Gluteal strengthening is a hot topic in the physiotherapy world. Clamshells, bird dog, bridging and side leg lifts seem to be fan-favourite rehabilitation exercises amongst therapists and clinics. Gluteus medius are one of the most influential muscles in the human body. They stabilize the pelvis, control rotation of the hip, and affect the alignment of the knee. Weakness in these muscles has been linked to several pathologies like patellafemoral pain syndrome, ACL injuries, knee osteoarthritis and lateral hip pain.
The main questions many people ask us are why their glutes have gotten weak in the first place? And what the best strengthening exercises are to do at home?
Gluteal muscles tend to become inactive for a few reasons. Many studies blame our sitting culture for glute deactivation. Like any other muscle, glutes need activation to maintain strength. Muscles placed in a stretched position, as they are when sitting, tend to become deactivated. Muscle memory is also an important factor in muscle activation. Over time, your brain can become used to activating certain muscles more than others or certain muscles in a particular order. If you tend to shift your weight and lean to one side while you stand, or you participate in a sport that uses one leg more than the other, your brain will get used to those movement patterns, and it will become habitual for you to use those muscle sequences in everyday life. This is what leads to muscle imbalances and can ultimately lead to a weak glute muscle.
The type of gluteus exercises you should perform for rehabilitation is a difficult question to answer because gluteal muscles tend to be fairly complex in terms of which exercises best activate them, what goals the individual is attempting to achieve, and what strength the individual is starting at. Choosing an exercise program must be tailored based on desired results, whether the aim is for strength, endurance, or progressive loading of the tendon1. This means that two individuals that require gluteus strengthening may be given two different exercises with differing parameters by which to complete these exercises. There are numerous positions and movements that can activate your gluteal muscles. Leave it to your trusted physiotherapist to help you find the best exercise for you.
A recent literature review determined the percentage of muscle contraction (MVIC) obtained during many different gluteus medius exercises. Certain conditions like tendinopathies, or some individuals who are extremely weak or post-surgical may require lower percentages of MVIC as a starting point for strengthening. Athletes or those seeking to increase power or strength may be requiring strengthening programs with higher gluteal muscle loading. Information from this study can be a starting point in determining the best exercise for your specific condition.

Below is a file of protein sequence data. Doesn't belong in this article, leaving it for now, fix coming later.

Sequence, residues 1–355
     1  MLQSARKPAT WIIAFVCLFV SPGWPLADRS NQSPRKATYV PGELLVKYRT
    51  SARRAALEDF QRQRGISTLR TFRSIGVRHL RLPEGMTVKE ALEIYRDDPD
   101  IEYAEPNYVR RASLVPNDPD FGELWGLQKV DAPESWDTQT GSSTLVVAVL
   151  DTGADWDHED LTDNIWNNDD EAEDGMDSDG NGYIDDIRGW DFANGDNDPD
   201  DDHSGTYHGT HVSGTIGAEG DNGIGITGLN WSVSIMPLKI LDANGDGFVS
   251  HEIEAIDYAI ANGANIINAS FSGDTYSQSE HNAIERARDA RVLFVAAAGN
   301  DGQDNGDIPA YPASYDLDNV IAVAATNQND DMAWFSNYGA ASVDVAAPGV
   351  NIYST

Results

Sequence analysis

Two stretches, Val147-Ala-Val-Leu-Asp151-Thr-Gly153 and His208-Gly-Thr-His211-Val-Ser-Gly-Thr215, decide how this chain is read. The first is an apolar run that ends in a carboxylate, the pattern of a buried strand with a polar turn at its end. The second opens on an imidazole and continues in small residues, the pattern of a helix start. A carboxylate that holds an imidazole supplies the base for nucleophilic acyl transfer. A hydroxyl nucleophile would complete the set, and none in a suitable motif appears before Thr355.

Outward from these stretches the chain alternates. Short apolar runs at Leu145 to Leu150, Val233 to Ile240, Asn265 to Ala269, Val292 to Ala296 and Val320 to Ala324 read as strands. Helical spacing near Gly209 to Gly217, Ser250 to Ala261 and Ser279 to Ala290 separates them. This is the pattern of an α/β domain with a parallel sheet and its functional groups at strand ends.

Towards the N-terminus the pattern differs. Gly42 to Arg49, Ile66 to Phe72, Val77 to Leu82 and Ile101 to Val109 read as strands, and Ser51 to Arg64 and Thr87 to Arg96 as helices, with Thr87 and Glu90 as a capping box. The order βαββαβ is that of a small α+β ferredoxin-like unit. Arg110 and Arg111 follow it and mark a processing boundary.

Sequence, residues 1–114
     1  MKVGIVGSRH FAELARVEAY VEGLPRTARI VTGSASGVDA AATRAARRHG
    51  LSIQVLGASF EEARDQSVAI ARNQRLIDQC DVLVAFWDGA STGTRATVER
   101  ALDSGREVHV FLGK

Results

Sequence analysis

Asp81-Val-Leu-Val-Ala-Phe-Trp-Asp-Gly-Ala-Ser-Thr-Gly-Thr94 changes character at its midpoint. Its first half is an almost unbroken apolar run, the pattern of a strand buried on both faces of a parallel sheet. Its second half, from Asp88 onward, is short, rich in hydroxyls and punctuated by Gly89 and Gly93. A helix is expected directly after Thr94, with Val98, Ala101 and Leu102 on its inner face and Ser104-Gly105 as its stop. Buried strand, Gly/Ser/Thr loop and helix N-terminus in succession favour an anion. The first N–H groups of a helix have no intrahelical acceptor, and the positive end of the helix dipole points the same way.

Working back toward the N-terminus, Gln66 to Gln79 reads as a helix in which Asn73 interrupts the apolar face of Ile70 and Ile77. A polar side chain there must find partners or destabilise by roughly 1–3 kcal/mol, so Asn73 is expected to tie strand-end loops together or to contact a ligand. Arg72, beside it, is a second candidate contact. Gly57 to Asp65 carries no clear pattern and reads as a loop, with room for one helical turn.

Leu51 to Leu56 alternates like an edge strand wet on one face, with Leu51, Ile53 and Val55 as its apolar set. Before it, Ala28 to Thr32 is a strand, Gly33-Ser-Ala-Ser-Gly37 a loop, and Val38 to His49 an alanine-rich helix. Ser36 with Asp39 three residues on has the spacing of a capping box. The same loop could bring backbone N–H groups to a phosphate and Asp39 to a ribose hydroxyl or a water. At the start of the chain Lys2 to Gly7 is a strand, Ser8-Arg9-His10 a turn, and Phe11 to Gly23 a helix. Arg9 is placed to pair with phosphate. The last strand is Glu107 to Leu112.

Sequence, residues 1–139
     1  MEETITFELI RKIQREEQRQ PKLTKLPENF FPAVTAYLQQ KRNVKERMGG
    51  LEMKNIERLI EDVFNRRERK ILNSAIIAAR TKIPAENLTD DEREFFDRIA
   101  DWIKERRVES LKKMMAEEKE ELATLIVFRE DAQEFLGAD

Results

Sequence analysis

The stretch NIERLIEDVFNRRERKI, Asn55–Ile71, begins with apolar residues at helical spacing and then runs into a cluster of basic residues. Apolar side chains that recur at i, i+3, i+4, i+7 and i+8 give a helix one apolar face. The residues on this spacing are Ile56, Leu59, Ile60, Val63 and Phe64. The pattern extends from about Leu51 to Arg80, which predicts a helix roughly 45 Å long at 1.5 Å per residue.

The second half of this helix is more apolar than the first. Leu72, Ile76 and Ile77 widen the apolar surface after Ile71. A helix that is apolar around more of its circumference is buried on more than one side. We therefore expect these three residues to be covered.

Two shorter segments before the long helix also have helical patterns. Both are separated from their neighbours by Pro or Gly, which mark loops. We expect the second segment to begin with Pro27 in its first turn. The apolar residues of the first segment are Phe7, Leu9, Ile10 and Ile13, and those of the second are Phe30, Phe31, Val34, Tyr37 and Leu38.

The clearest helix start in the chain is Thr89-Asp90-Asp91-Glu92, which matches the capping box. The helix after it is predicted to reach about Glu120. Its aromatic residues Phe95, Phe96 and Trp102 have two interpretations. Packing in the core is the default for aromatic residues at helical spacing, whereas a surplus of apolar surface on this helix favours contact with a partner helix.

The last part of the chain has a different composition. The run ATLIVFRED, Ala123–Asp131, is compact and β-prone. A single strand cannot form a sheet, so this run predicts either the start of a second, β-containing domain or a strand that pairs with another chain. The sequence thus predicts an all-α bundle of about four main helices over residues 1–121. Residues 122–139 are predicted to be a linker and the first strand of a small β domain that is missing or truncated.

The aforementioned study arranges the results in stratified groups of low (0–20% MVIC), moderate (21–40% MVIC), high (41–60% MVIC) and very high (>61% MVIC) loading groups (1). Here is a look at a few of the exercises that were investigated in the study and what the percentage of muscle contraction was found to be:
1. Prone Hip Extension (moderate)
2. Quadruped Hip Extension (moderate)
3. Bird Dog (high)
4. Bridge 2 legs (low to moderate)
5. Bridge 1 leg (moderate to high)
6. Side Bridge with Hip Abduction (high to very high)
7. Single Leg Balance Unstable Surface (moderate)
8. Lateral Plane Band Walk (moderate to very high)
9. Lateral Step Up (moderate to very high)
This is just a very small sample of exercises that can be used to challenge the gluteus medius muscle group. As you can see, there are many exercise options to choose from and as such, we recommend working with a skilled physiotherapist to develop a program that is most desirable for you. There are many exercise variations, cues, feedback and compensation strategies that a trained physiotherapist would be able you with. They will also be able to work with you to release, stretch and mobilize any other areas of the body that may be limiting your gluteal function.
- Ebert JR, Edwards PK, Fick DP, Janes GC. A Systematic Review of Rehabilitation Exercises to Progressively Load Gluteus Medius. Journal of Sport Rehabilitation. 2016 DOI: http://dx.doi.org/10.1123/jsr.2016-0088